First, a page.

all the people mentioned in the article above have been employed through contracts that have highly specific performance clauses or job descriptions and if they fall outside of this, they have not met their contractual obligations and their contracts are terminated-simple. ‘firing’ does not have to inherently carry shame, intolerance, humiliation. it is not a ‘firing’ squad, their jobs have been terminated because they have not performed their job description.

    the real question that needs to be asked here is- why has South Africa had such a poorly performing national soccer side for so long?

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  3. Anonymous says:

    One word: Accountability.
    The buck must stop somewhere; and that’s with the guy who accepts the (very) large salary to produce results. He wasn’t employed – or paid – to fail.
    Just because a large number of authoritative figures in our society lack the self respect to admit that they have not preformed to the levels at which they undertook to perform or admit that they are in the wrong does not mean we should retain the encumbant purely because he or she is the encumbant.
    Thabo Mbeki: Trusted with leading policy formulation to the benefit of the poorest of the poor. Through a stuborn, dogmatic and blinkered refusal to accept proven science he was the direct cause of the death of thousands of children. Should he have been allowed to retain his position purely because he was appointed to it in the first place.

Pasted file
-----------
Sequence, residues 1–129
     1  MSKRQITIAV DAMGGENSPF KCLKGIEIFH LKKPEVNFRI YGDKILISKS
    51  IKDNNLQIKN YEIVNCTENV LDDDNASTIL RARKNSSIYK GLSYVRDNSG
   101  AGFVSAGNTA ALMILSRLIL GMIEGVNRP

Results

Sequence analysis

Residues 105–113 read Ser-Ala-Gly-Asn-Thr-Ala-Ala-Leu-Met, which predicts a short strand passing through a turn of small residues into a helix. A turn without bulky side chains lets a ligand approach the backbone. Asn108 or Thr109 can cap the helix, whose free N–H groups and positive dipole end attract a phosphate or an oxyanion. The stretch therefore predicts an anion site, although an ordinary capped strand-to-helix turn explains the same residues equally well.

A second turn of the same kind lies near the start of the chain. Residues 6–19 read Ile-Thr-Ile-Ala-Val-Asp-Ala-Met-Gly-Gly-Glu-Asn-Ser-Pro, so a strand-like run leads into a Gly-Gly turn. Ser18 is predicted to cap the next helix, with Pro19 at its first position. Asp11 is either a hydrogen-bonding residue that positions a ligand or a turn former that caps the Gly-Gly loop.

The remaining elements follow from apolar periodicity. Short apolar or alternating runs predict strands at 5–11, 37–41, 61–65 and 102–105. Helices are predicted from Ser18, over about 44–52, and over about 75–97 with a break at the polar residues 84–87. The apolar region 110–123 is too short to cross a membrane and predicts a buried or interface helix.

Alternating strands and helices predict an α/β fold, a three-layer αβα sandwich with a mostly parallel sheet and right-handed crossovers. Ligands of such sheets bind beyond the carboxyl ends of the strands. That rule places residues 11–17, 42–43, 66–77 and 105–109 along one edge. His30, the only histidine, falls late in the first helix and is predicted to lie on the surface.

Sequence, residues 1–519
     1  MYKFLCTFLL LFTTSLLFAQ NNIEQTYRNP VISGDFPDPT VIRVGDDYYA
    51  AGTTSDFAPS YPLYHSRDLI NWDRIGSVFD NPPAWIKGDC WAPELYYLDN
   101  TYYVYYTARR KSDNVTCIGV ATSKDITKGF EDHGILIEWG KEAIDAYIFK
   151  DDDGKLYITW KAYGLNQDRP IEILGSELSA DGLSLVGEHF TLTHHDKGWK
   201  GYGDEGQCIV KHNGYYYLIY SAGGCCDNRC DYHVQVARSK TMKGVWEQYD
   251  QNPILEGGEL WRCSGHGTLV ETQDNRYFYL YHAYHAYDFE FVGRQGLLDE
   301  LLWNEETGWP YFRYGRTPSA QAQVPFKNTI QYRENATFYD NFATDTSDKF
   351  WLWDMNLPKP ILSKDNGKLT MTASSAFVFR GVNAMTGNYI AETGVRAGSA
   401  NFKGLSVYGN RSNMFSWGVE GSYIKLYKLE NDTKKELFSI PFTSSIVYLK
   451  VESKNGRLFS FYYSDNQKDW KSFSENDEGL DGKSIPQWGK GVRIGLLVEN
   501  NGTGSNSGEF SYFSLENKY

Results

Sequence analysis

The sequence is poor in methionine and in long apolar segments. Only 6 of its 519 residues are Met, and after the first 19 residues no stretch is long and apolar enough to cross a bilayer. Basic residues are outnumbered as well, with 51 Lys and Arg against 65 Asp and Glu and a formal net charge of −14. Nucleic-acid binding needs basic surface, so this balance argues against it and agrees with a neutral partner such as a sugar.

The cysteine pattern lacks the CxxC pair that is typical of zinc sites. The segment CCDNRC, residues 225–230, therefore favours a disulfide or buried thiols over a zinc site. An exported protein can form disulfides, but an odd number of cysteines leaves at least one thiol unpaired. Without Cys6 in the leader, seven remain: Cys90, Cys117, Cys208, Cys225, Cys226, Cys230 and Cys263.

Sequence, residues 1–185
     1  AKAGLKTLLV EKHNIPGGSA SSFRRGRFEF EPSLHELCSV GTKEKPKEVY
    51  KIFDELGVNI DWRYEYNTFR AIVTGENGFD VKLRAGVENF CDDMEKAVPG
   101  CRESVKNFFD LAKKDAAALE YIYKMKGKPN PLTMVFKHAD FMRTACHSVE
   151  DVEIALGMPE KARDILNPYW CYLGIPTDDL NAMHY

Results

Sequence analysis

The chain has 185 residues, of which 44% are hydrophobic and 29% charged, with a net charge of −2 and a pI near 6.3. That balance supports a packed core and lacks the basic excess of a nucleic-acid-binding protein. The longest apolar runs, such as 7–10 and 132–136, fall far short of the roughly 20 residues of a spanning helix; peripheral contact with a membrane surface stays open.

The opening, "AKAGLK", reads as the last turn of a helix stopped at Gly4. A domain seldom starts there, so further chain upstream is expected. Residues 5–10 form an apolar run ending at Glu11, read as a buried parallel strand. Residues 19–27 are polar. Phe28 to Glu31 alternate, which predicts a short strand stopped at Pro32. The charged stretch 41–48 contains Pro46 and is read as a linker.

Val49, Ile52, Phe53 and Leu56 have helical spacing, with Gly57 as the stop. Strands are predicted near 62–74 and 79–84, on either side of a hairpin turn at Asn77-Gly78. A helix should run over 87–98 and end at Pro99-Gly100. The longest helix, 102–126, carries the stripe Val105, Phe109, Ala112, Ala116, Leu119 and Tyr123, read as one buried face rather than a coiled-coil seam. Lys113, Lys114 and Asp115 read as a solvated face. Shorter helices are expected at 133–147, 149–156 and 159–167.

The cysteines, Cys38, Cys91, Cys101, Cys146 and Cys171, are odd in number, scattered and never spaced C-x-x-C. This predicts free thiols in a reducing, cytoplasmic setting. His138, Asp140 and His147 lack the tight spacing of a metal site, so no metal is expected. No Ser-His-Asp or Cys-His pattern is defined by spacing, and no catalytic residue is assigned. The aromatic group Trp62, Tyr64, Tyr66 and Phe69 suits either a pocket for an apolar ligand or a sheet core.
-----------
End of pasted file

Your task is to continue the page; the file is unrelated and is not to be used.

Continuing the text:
Jackie Selebi: Entrusted with leading the police service and the country’s effort to fight crime, he is found guilty of corrupt dealings with a member of the criminal underworld. According to your logic, he ought to have stayed in his job because he was appointed to it.
    Travelgate parliamentarians – guilty of defrauding the very institution which they took an oath to serve. Rather than doing the honourable thing and resigning, parliament buys them out of their trouble and allows them to continue to hold public office, because … they were appointed to the positions which they abused.
    Sports coaches – If you sell youself as being able to deliver results and take a generous salary for undertaking to do so, can you blame the sporting public, who rely on your ability to produce the goods, for wanting to get rid of you if you can’t do the very thing you are paid for … despite your own conviction that you should retain your job and your salary because, well, someone gave both of hem to you in he firs place?

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  4. Anonymous says:

    And one of the things that the coach is hired to do is to make sure that the 11 men on the field are not slackers. If they slack off, he fires them.
    The players are paid to play football. The coach is not paid to play football; he is paid to coach.
    If the players do not play well they should be fired. If the coach does no coach well, he should be fired.
    Or we could just play primary school soccer, where everyone gets a turn … to be fair. The coaching job could then rotate amongst the dads.

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  5. James Francis says:

    This column makes some broad links of logic. Mbeki being pushed out of power is not the same as a coach being fired. The one happened through the political shenanigans that tend to exclude most of the people in this country. In contrast, coaches are fired with frequency all over the world.

    The author is shoehorning events into a format that aligns with their opinion. But they fail to substantiate their opinion, instead simply evoking the sentiment with vague examples that, when taken on proper context, have little to do with a matter of intolerance and much more with the general machinations of politics and sports.